Execution – Begin the movement by simultaneously extending your right arm overhead and straightening your left leg, lowering them towards the floor. Keep your lower back pressed into the ground and maintain a stable core throughout this exercise. Avoid any arching or excessive movement in your lower back, your arm and leg should hover slightly above the ground without touching it. Pause for a moment in the bottom position, feeling the engagement of your core and the stability of your body, then return back to the starting position.

 

 

 

Dumbbell Exercise for the Lower Body

 

Now for the lower body, this is where women tend to focus their attention and quite rightly so, who doesn’t want muscular, toned, and strong legs with a peach to die for? We all do, right? 

Glutes, Quads, and Hamstrings

Breaking down your lower body training so it’s evenly split between working your quadriceps, hamstrings and glute muscles, is going to help you develop a strong set of legs even Kylie Minogue would be proud of. Here are the go-to exercises and how to perform them correctly to ensure you get the most out of them.

 

Dumbbell Heel Elevated Goblet Squat

 

This exercise is the goat of squatting and for the newbie gym-goer this is your new best friend. Why, you may ask? A lot of people are too quick to jump to a barbell and start back squatting, but the reality is you need to learn the skill of squatting and improve the control of your centre of mass. 

 

The Dumbbell Heel Elevated Goblet squat, which focuses on an anterior load helps push our centre of mass backwards which can help maintain a more upright torso in the squat position and shift more weight into our heels rather than our toes. The majority of people’s centre of mass is always travelling forward which is why a lot of dysfunctions can occur in our knees, hips, ribcage, and shoulder so learning to properly control your centre of mass can yield a whole heap of health benefits.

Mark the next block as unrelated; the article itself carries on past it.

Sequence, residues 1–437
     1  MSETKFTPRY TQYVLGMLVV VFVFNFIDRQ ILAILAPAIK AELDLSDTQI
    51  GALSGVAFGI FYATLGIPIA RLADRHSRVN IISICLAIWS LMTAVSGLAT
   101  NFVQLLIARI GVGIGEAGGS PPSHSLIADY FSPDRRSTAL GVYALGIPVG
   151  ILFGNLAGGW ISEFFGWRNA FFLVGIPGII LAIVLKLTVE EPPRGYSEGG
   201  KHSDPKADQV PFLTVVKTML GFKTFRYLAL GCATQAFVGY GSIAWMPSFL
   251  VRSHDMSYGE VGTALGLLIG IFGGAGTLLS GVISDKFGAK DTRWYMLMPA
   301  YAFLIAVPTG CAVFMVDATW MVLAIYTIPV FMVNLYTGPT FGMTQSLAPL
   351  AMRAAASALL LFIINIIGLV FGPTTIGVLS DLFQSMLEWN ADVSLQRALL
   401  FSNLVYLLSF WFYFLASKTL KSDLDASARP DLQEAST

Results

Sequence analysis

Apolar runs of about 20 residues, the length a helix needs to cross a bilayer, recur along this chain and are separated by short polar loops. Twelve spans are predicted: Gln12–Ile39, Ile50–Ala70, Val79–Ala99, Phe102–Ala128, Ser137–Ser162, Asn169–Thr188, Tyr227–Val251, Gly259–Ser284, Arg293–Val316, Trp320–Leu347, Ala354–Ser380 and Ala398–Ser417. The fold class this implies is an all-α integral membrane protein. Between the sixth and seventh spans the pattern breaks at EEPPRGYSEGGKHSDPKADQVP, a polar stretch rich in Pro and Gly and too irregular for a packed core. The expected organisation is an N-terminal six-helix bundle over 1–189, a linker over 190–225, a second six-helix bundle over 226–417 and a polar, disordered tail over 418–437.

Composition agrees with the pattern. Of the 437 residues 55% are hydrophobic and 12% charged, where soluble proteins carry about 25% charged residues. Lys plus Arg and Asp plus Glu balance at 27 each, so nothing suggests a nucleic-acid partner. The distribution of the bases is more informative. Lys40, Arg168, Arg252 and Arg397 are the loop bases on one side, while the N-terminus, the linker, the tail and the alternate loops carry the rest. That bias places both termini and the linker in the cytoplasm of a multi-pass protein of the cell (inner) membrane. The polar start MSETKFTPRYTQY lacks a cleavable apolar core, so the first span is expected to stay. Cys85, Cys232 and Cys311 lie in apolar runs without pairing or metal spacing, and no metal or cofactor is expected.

Starting position: stand with your feet shoulder-width apart, heels elevated on a 10-degree ramp or with two small plates under your heels holding a dumbbell vertically with both hands, close to your chest, elbows tucked to the body. Now, close the space between your pelvis and ribcage and “brace”. Imagine you’re about to take a punch to the stomach and maintain this throughout the movement.

 

  Execution: Lower your body into a squat position aiming for hips below parallel and weight evenly distributed through your feet, keeping your knees tracking over your toes. Keep your back upright whilst maintaining the relationship between the pelvis and ribcage. Push through your heels to return to the starting position and repeat.

 

Dumbbell Front foot elevated split squat

Much like the goblet squat, if you’re new to split squats the dumbbell front foot elevated split squat is your go-to exercise for newbies. With a 60/40% weight distribution of front to back leg this will help you learn to get stronger on one leg and improve your bodyweight control.